Surprise Out-of-Network Charges Cost Us All

I see many types of bills as a health insurance agent, but I received one from a client last week that highlights a disturbing trend.  Unfortunately, it was the third bill of its type that I’ve seen in 2015.

The bill was from a physician assistant for $6,200.  The physician assistant didn’t perform the surgery – obviously, a surgeon did that.  The physician assistant wasn’t known to my client; he had no idea who this person was until the bill arrived.  To top it off, the $6,200 bill was more than what the surgeon was paid.

The bill was so high because the physician assistant was billing separate from the facility, the surgeon, and the anesthesiologist. This is because the physician assistant was “out of network,” meaning they are not a participating provider with my client’s insurance company. This entitled them to bill my client for the full amount.

 

I am a veteran in the health insurance field. I work mainly with small employers with fewer than 50 employees. And especially for them, part of what I do includes helping to explain why they’re being billed for something. A major part of my job is calling the insurance company when a claim is denied and negotiating my client’s way through the confusion of 21st century health insurance.

This task keeps getting tougher.

A month ago, another client sent me an “explanation of benefits” (EOB) – the notoriously obtuse and unintelligible statement that an insurance company sends when a claim has been processed by an insurance company.  He, too, had been in the hospital for surgery.

The EOB showed a $2,400 bill for the anesthesiologist, of which the insurance company paid nothing because the anesthesiologist, a person my client hadn’t chosen and only met for the first time on the morning of the surgery, was also out of network.

A third client contacted me in January.  She had been to see her regular doctor for a routine annual exam, including blood tests.  She received a bill from the laboratory that performed the blood tests for over $2,800. That lab, like the physician assistant, like the anesthesiologist, is out of network. Do you see a trend?

When a bill is presented for out of network services to an insurance company, it is either denied outright if the insurance plan doesn’t cover out of network services, or it is paid at a significant discount.  However, unlike an in-network provider, the out of network provider can send a bill to the patient for the part of the bill that the insurance company won’t pay and demand full payment.

If you deliberately chose that out of network provider – maybe it was a highly recommended orthopedic surgeon, a chiropractor who was known to work magic, or a psychiatrist who doesn’t accept insurance – the full cost is rightfully on your shoulders.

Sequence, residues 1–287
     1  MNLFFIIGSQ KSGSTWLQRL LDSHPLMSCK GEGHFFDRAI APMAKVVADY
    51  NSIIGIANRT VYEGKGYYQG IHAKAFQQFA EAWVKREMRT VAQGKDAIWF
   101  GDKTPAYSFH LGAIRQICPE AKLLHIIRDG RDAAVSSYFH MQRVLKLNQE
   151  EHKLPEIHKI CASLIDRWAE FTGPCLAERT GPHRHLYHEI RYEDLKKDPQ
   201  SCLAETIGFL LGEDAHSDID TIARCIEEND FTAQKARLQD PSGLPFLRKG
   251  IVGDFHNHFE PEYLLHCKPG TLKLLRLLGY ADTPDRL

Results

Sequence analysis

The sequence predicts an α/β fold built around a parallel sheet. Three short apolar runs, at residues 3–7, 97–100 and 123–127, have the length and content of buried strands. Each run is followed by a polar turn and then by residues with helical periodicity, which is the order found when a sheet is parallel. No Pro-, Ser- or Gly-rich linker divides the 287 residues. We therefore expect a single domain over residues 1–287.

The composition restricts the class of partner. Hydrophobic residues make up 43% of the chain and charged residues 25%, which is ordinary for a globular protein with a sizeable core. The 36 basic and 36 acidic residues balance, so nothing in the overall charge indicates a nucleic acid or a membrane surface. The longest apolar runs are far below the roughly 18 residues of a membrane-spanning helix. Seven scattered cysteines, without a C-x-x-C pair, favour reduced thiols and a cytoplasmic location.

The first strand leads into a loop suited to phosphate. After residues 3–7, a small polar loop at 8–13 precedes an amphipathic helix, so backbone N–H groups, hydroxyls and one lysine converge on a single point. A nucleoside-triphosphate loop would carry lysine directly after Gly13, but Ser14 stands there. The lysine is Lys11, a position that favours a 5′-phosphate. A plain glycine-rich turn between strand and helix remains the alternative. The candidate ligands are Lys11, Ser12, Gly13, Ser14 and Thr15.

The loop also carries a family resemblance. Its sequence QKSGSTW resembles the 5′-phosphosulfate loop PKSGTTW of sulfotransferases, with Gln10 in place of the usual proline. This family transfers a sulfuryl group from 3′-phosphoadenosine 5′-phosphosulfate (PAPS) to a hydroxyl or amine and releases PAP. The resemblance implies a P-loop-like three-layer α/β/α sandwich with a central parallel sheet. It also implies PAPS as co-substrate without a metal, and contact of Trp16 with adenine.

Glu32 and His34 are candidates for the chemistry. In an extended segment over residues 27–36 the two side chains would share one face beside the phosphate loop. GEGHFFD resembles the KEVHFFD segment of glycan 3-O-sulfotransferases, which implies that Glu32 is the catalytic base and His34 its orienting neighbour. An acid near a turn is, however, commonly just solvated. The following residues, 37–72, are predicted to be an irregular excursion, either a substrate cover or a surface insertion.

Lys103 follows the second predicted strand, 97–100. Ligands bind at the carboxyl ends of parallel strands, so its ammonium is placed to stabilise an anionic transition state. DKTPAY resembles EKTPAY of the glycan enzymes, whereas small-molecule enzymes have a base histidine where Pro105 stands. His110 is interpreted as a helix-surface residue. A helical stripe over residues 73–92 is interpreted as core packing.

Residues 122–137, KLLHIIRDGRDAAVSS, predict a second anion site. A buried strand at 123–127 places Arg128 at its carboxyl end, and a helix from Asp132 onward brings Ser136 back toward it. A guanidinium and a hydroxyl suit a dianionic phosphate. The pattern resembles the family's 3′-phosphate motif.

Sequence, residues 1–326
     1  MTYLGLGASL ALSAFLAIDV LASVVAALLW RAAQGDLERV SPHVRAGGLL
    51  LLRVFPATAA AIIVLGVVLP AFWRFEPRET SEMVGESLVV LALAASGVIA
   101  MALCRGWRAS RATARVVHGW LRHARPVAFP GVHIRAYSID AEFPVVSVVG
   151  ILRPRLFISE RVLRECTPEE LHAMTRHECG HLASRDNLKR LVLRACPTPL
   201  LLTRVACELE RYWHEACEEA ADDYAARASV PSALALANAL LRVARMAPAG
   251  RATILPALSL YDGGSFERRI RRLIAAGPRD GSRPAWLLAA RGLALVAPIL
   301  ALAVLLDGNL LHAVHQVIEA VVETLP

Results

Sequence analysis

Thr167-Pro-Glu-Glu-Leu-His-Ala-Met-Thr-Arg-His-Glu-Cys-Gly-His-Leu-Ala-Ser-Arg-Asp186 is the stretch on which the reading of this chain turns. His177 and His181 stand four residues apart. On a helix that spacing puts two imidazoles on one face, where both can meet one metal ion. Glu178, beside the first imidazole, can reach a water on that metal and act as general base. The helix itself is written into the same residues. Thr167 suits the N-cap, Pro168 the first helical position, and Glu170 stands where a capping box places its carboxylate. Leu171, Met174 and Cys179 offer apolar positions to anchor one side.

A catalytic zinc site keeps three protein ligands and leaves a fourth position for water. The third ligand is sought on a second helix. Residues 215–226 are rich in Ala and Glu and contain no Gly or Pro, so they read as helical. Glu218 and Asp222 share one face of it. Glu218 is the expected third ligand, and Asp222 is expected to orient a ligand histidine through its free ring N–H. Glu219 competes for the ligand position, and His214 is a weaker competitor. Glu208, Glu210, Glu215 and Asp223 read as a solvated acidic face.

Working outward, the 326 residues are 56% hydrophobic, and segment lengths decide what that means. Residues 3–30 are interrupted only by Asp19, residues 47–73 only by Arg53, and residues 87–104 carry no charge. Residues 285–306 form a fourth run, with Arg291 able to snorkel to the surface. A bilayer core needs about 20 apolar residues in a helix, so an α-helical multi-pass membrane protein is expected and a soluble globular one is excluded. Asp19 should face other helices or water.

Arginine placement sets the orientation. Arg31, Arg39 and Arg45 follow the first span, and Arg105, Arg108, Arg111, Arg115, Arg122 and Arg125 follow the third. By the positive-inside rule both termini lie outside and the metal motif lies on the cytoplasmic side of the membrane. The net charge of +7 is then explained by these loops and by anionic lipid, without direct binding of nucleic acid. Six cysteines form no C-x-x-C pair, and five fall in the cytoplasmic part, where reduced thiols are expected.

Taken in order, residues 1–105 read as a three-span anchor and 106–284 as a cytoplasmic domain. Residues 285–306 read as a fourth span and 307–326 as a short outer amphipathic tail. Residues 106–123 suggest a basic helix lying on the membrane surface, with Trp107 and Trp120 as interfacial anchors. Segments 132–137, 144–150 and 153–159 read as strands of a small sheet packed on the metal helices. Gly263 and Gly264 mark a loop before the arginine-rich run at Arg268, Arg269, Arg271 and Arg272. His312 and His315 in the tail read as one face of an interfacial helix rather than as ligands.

But when the facility, the doctor, or the physician assistant wasn’t selected by you and is out of your control, why should you be held responsible for that cost?  You shouldn’t. And if you aren’t, it is a long and arduous process to get the bill settled.

Your insurance company’s denial must be appealed, a process that will typically take about a month.  It is your responsibility to file the appeal, not the out of network provider’s (who might, in the meantime, be sending your bill to a collection agency).  And when the bill is finally settled, the end result often is that the provider is reimbursed by your insurance company for the full amount billed.

Why?  Why should a physician assistant receive more in payment than the surgeon?  Why should an anesthesiologist receive four times what would have been paid if he was in network?  Why should an out of network laboratory receive ten times what would have been paid to an in-network lab?

They shouldn’t, but they often are.  And ultimately, although you won’t be paying that provider directly, we are all paying the costs for these unwarranted out of network expenses in higher premiums.

These three cases aren’t unusual.  What is unusual is that I am confronted with these sorts of problems more frequently these days.  Just as we are trying to gain control over health care costs with viable new ideas – patient-centered care, capitation payments replacing fee-for-service, etc. – these out of network provider costs threaten to undermine our efforts.

When an insured patient enters the hospital for an emergency, no one is required to ask if the physicians attending are in network.  Emergency services are rightly covered as though in-network, even if the providers are not.

But in the case of scheduled surgery, unless the patient has specifically requested the services of an out of network provider, no one in the operating room should be outside the network and certainly no one should be paid other than what is appropriate for the in-network care.

It’s not enough that my clients won’t have to pay these outrageous bills; their insurance company shouldn’t be paying them either.

The state legislature is partially addressing this issue via S.B. 808.